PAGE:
Ami (Ry˘ko Watanabe) is the perfect example of a Japanese housewife: her husband is a businessman, seemingly doing quite well, she's got a couple of friends that are as much work acquaintances as they are personal acquaintances, and she's sexually unfulfilled by her husband's busy lifestyle. Ami's friend drunkenly tells her that it's a growing trend among young housewives to get secret work as prostitutes during the day while their husbands are away. Ashamed but intrigued, she tries it out, and quickly finds herself addicted to the violent, thrilling encounters.
Director/writer Hidehiro Ito is a true film director, depicting Ami's descent with a shocking openness, without so much of the seediness that other films would reflexively include. Each of the film's encounters are shown in remarkably explicit detail, although some Japanese censorship laws are awkwardly adhered to: Ito cuts around women's crotches, even when characters have their faces buried in them, and one sequence involving a naked man actually has giant, white circles obscuring the image -- showing the male buttocks was once illegal. (The more you know...)
At the same time, the film's duties as a pink film seem to get in the way of Ito's intentions as a character piece. Despite plenty of focus on Ami's reactions to the physical abuse her suitors put her through, Ito never settles on a clear perspective from which the viewer should consider the events. Debauchery could be viewed as a criticism of the closed-off nature of Japanese men, of the untapped desires of Japanese housewives, a comment on the lengths to which any women have to go to experience sexual freedom, but in not picking any of these it sort of ends up being none of them. It would help if we knew what Ami wanted out of the encounters: the freedom, the sex, or the thrills. Instead, the ending almost criticizes Ami, both in the way the film punishes her but also the way her decisions affect a bizarre side character, a homeless man who turns into a rapist after seeing Ami naked.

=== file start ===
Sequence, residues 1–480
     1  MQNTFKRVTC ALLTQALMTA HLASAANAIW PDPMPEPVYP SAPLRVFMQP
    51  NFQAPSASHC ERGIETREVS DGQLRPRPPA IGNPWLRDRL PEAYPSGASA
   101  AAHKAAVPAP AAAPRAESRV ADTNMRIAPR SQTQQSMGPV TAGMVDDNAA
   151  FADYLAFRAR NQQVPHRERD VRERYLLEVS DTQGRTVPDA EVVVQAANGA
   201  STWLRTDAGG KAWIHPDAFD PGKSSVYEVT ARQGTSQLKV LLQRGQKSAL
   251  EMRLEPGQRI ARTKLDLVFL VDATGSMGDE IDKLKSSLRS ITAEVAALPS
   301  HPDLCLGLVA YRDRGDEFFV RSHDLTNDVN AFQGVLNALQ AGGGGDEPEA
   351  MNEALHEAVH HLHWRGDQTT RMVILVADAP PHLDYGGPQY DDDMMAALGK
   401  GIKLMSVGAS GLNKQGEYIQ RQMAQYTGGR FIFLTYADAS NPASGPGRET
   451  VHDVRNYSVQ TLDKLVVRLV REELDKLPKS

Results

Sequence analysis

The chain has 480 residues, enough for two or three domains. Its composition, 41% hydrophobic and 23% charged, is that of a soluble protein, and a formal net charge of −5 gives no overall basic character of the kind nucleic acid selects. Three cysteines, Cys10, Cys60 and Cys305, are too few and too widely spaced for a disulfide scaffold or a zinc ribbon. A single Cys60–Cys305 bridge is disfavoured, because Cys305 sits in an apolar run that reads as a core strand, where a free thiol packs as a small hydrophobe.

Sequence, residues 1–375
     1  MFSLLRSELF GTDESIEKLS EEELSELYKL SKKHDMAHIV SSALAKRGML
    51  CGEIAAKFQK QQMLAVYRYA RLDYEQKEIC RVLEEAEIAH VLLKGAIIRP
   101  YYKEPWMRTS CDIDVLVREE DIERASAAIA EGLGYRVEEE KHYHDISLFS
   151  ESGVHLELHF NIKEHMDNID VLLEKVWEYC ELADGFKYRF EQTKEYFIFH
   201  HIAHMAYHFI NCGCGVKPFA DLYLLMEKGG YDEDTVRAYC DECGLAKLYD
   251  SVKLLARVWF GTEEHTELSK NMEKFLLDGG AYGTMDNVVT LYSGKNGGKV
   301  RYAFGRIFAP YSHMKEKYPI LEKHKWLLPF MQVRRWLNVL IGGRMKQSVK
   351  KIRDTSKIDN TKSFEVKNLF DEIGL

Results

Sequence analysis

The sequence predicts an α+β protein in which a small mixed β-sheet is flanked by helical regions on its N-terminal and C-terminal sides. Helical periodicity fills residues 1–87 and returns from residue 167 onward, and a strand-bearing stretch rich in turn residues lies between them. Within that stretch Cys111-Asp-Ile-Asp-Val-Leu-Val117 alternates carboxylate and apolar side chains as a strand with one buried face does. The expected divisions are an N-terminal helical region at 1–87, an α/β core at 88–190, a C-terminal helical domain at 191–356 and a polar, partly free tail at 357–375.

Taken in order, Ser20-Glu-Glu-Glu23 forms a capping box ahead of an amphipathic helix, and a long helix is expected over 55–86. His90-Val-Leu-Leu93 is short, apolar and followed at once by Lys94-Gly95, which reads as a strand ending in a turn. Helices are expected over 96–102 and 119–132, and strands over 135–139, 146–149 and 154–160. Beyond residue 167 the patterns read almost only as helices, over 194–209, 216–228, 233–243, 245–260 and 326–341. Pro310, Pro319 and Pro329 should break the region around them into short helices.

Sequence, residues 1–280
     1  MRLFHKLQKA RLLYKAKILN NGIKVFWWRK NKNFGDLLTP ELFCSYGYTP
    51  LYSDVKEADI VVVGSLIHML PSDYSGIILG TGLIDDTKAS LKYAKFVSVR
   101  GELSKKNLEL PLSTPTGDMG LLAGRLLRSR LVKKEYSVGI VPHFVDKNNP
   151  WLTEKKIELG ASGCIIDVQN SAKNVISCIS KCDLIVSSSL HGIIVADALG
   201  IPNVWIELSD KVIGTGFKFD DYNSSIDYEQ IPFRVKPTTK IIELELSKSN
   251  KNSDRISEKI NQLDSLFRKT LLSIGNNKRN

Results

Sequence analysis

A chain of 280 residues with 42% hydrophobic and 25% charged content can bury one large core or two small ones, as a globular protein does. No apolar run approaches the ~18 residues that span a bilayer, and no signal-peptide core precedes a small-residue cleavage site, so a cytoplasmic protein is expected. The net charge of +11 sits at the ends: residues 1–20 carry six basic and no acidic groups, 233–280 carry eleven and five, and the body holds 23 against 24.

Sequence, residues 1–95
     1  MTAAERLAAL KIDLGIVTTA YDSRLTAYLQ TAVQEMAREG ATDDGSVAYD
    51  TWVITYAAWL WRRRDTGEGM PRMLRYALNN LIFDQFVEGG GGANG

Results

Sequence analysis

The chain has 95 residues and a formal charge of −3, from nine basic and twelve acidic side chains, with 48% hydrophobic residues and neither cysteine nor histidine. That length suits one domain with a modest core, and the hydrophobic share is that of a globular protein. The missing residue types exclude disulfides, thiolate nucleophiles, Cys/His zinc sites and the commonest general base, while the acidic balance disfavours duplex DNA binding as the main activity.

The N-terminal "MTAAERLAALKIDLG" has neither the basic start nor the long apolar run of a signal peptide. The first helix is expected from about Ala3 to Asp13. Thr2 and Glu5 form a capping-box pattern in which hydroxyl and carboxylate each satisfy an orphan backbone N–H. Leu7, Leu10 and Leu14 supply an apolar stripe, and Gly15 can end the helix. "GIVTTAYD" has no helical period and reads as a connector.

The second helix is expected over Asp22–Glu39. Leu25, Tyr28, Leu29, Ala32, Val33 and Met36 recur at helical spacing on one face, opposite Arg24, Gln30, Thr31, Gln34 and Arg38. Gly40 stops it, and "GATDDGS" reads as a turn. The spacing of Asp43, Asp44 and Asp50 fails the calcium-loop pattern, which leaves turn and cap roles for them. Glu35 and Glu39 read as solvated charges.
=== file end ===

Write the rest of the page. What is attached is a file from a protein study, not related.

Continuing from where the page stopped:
Debauchery has the germ of an idea in it and someone willing to set up that idea with a patience and tenderness usually ignored in these types of films, but when push comes to shove, exploitation wins out over character drama. I was intrigued by Ami's actions but never compelled or sympathetic as Ito drifts away from motivation and meaning and closer towards the title's bottom line.
The Video and Audio
Japanese Dolby Digital 2.0 sounds a little canned, with a softness akin to the picture and a dated mix that is more about pure, straightforward clarity than trying to create a realistic aural experience. Case in point, the, uh, "juicier" noises on this track are elevated and somewhat exaggerated in a way that is almost unintentionally comedic. Optional English subtitles are provided.